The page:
Multiple Python installations on Windows

Thursday 29 December 2005This is over 17 years old. Be careful.

I’ve been developing on Windows for a long time. I’ve figured out the thing about Windows I dislike the most, and it is not one of the things that most people bitch about (monopoly, security holes, UI, whatever). The thing that gets me as a developer is the Windows mindset of there being only one of anything. This is exemplified by the registry. THE registry. Sure, you can build software so that it has multiple instances, and knows how to find them all in the registry, and pick the proper one, but generally, no one does that.

The latest problem along these lines is installing Python. There are two sources for Windows installers for Python: and ActiveState ActivePython. Both provide MSI files, which make it super-easy to install Python on your Windows machine. The problem is that MSI installations are based on the notion that a product is only installed once per machine. That’s a good model for most people, but as a developer, I’d like to manage a number of Python installations simultaneously. It lets me test software against multiple versions, and it lets me keep complex product installations separate.

If you’ve installed Python once from an MSI, the next install offers only the options to change, repair, or remove the installation. The MSI instructions mention a TARGETDIR option, but setting it doesn’t help: the “one installation per product” mindset pervades the installer.

ActivePython has .zip files available too, on their raw downloads page. These provide a .bat file for installation, and let you specify the install directory, which does create side-by-side installations. But the script doesn’t write the registry settings that let 3rd party packages find the Python installation.

I used to manage a number of installations. Have the installers changed? Am I losing my mojo? What’s the best way to keep a number of Pythons caged on Windows simultaneously?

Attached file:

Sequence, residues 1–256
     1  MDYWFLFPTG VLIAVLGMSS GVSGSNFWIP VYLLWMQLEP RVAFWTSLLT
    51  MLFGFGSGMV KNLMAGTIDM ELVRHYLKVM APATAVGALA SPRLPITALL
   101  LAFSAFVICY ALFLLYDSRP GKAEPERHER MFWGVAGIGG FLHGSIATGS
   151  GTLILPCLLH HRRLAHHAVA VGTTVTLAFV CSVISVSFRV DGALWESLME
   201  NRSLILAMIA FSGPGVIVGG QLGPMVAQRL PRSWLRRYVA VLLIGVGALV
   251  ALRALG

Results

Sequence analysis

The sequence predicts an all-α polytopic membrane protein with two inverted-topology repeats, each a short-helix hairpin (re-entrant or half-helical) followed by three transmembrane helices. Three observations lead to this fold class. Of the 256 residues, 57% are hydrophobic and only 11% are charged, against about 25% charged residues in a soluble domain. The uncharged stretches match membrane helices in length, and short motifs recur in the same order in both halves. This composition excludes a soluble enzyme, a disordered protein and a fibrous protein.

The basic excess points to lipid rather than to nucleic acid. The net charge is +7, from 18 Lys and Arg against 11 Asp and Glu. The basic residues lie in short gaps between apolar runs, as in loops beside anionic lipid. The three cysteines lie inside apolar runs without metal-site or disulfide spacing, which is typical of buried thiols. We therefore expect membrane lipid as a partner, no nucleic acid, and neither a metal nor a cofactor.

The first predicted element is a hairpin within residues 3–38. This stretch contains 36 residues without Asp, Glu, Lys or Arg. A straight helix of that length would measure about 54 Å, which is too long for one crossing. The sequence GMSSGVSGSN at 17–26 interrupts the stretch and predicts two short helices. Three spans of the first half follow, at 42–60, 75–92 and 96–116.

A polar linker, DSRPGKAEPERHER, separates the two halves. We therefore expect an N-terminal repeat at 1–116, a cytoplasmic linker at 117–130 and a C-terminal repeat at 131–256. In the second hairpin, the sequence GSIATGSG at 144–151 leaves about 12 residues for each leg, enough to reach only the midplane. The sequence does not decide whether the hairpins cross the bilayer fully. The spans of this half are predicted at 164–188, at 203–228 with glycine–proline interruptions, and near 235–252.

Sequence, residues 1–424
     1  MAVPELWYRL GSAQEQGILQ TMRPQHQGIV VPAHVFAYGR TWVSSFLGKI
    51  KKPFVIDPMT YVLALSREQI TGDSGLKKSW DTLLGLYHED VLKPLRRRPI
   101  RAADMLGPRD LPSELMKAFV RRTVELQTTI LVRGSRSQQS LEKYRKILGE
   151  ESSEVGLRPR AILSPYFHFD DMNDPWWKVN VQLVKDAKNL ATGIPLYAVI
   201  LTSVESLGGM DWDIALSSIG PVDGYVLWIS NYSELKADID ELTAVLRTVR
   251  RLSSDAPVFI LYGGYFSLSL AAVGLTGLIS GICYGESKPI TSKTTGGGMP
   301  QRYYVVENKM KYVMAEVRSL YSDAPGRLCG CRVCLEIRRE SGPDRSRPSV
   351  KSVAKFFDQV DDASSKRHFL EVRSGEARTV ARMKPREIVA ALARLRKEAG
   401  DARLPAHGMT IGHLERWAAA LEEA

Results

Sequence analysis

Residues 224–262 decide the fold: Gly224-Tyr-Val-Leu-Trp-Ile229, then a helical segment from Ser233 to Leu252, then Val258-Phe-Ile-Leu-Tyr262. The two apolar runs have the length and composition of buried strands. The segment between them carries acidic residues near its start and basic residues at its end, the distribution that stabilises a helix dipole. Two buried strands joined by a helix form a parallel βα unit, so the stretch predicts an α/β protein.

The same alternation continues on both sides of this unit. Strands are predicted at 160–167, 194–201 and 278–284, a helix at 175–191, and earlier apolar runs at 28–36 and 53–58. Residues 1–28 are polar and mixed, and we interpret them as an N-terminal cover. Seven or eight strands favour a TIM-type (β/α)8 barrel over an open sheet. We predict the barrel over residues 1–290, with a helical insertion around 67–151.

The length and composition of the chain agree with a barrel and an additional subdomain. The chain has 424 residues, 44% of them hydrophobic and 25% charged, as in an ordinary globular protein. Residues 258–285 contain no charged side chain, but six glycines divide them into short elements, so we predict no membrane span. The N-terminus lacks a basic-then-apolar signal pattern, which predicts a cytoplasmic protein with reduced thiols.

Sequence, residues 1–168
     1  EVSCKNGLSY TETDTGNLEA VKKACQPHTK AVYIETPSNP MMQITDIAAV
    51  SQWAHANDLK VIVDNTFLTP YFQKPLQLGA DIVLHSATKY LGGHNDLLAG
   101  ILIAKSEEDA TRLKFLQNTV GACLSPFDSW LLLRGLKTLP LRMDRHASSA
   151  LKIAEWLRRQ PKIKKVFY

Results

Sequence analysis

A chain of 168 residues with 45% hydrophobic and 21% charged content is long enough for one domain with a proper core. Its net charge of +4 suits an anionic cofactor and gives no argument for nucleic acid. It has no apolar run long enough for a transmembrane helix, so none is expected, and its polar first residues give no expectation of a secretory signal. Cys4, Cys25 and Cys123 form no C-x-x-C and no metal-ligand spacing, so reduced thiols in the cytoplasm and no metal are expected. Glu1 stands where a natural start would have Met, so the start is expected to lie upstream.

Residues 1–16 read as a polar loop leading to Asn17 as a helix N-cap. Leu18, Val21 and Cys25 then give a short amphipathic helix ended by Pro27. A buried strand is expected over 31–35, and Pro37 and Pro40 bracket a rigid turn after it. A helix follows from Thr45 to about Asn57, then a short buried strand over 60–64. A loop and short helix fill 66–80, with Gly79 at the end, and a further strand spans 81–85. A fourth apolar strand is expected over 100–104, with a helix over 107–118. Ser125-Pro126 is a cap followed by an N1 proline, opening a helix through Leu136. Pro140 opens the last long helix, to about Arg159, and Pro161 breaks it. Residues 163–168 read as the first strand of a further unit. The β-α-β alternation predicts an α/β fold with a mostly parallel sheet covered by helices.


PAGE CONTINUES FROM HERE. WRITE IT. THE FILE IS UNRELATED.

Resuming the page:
Update: I found this page about how Python uses the registry (someone might want to look into what’s going on with that background image in Firefox!), and this script to register a Python installation in the registry. Perhaps this is the way to go? Manually re-register Python installations as needed to get modules to install in the proper places?


Do you mean multiple installs of Python of different *versions* and *distro*? I have ActivePython 2.0, 2.1, 2.2, 2.3 and 2.4 installed on my machine and (currently)'s Python 2.4.

There shouldn't be any conflicts for Python installs with a different MAJOR.MINOR because ActivePython changes the MSI "ProductCode" for each MAJOR.MINOR change and so does's installer (I believe). Is your experience different?

However, you are right that there are some subtle things thereafter, namely (1) the registry -- as you have indicated -- and (2) possible conflict for DLLs from separate distros but same MAJOR.MINOR in the system directory.

1. The Registry. I think the only real uses of the Python registry entries are (a) the indicate where Python is installed to 3rd party packages (typically ones that are built with distutils' bdist_wininst) and (b) the PythonPath key and subkey stuff (however, since '.pth' file support was added to Python a couple of versions back, I think this is out-dated). I don't believe the "Modules" subkey is used anymore, though I haven't looked too hard. The "Help" key is used, I think, by the Pythonwin editor that is part of PyWin32, but I think that could be changed.

2. Basically for the sake of COM Servers written in Python, one (or a few if using PyWin32) python-related DLL(s) are placed in the Windows system directory instead of in the Python install tree: pythonXY.dll, pythoncomXY.dll, pywintypesXY.dll. As a result installing, say, Python 2.4.x from and ActivePython 2.4.x you will get a conflict.'s Python installer allows for a user-only install to put pythonXY.dll in the install dir (I think that is what its user-only install does). ActivePython will place these DLLs in the Python install dir if the installing user is unpriviledged (i.e. cannot install to the system dir).